Having well governed securities markets and firms is a fundamental component of the Central Bank’s supervisory principles. The Central Bank expects the boards of regulated entities to challenge the information they receive in order to ensure good governance and management over the organisation. The Central Bank expects board accountability. This includes the need for clear organisational structures that define and clarify responsibilities for operational, control and reporting processes; and crucially identifies who within the firm is responsible for making key decisions. The Central Bank expects firms to adhere to all legislative requirements on outsourcing and to comply with the new Cross-Industry Guidance on Outsourcing. See our previous briefing for further information.
For funds and fund management companies (FMCs), the Report provides examples of deficiencies identified from the Central Bank’s FMC Guidance (CP86) thematic review and includes governance expectations for funds and FMCs. It expects that they will consider and address how resources and operational capacity will need to change to take account of any increase in the nature, scale and complexity of funds under management. It also includes providing a rationale for investment advisor appointments and the role the entity will fulfil. In addition, it references an expectation that they will receive and scrutinise at regular intervals the necessary reports from investment managers on portfolio management. This includes any interaction with investment advisors during the period in question.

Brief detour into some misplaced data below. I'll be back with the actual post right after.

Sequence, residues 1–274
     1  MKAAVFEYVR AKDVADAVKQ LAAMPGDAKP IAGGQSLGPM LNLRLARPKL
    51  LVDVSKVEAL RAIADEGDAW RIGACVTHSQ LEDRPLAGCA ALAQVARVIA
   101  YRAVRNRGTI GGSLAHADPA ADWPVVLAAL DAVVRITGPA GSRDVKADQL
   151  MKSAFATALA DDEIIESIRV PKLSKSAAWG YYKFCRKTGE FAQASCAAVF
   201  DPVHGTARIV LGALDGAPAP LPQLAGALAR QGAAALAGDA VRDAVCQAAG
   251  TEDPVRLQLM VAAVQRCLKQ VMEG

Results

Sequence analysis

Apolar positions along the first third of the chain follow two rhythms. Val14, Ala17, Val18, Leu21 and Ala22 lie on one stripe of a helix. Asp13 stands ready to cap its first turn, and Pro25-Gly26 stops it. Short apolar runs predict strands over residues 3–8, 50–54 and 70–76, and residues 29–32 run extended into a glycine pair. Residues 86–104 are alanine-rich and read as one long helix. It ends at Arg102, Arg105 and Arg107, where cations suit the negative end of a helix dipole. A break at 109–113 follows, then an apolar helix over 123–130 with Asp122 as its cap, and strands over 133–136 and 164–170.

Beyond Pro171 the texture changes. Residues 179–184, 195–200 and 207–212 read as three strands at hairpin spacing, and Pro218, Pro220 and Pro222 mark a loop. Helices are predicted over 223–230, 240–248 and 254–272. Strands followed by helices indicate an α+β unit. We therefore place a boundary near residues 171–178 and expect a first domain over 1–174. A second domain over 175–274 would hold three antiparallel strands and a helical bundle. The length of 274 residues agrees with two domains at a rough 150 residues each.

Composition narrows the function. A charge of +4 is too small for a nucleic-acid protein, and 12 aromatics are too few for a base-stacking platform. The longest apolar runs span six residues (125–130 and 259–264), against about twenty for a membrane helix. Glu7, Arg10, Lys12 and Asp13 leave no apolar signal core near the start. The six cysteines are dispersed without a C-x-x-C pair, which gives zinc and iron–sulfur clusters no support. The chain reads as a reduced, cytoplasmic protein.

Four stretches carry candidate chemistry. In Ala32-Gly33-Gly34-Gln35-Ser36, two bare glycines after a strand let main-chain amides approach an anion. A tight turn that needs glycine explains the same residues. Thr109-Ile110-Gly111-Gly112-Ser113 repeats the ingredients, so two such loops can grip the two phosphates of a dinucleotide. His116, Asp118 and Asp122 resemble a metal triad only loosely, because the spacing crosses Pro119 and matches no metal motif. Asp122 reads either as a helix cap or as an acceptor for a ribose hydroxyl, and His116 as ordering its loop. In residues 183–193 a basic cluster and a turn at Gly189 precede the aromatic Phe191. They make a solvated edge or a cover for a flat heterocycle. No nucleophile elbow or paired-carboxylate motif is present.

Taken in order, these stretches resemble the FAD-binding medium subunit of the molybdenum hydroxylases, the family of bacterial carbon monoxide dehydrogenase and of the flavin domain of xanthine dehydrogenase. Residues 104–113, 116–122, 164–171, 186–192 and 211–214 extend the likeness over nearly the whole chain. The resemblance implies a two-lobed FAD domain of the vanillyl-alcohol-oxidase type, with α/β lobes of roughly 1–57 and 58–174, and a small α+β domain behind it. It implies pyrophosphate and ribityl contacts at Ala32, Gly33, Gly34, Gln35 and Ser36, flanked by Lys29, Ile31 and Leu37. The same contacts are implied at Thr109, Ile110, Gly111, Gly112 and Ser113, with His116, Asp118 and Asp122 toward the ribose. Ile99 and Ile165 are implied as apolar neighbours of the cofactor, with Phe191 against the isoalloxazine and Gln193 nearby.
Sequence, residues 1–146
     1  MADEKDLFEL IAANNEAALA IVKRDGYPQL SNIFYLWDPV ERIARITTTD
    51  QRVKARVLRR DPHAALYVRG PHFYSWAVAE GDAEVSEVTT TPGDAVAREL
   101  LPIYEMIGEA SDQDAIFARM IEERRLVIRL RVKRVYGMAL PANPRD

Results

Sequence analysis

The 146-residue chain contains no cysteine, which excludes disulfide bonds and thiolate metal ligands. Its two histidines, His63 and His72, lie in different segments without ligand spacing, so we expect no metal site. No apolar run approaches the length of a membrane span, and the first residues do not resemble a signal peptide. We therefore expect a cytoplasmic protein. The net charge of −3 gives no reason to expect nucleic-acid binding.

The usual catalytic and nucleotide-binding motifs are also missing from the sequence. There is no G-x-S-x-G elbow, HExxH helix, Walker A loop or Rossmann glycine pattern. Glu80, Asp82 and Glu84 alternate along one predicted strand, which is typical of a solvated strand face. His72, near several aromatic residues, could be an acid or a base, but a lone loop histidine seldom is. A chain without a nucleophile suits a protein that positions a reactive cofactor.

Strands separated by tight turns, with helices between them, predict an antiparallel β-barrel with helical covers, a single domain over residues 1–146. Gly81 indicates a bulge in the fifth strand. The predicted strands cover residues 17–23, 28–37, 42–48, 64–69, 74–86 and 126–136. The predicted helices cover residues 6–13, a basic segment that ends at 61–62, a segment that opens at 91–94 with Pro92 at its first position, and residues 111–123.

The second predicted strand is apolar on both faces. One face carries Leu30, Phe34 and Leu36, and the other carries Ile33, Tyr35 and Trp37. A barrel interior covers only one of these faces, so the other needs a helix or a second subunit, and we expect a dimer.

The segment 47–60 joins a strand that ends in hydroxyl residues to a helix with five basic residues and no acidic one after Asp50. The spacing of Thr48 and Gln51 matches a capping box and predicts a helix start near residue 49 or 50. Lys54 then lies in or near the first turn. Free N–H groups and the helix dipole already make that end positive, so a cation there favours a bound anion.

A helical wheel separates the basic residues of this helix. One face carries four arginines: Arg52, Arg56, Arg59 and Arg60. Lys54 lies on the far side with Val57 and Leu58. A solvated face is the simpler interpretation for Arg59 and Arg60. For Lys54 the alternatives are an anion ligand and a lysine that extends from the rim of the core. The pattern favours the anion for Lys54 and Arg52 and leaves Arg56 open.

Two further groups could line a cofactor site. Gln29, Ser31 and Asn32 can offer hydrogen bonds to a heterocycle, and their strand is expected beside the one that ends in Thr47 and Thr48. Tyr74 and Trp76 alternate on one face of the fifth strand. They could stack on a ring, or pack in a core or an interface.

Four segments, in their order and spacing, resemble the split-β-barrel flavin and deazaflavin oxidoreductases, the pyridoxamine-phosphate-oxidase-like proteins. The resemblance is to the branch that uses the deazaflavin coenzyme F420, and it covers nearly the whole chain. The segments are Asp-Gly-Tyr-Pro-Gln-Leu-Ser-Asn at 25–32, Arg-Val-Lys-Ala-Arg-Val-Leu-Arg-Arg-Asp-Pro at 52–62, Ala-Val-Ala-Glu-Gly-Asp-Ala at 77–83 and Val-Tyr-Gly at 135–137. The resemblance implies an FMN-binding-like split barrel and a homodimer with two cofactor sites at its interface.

Notably the Report features a case study based on a recent targeted conduct risk assessment on Interbank Offered Rate (IBOR) transition preparedness. The case study highlights incidences of governance practices falling short of the Central Bank’s expectations.
Conflicts of interest
The Report notes that the Central Bank continues to see risks where firms do not consider conflicts of interest in their day-to-day business operations. The Central Bank notes shortcomings on the part of investment funds around compliance with the Central Bank’s Connected Party Transaction Rules and for brokers, specifically around Payment for Order Flow (PFOF) arrangements. Firms are expected to ensure that regulatory requirements in relation to conflicts of interest are met. In addition, PFOF and MiFID II best execution requirements need to be complied with in full. Relevant firms also need to have robust connected party processes and procedures in place. Finally, where relevant, firms should engage with fund depositories and designated persons to ensure that all parties fulfil their obligations.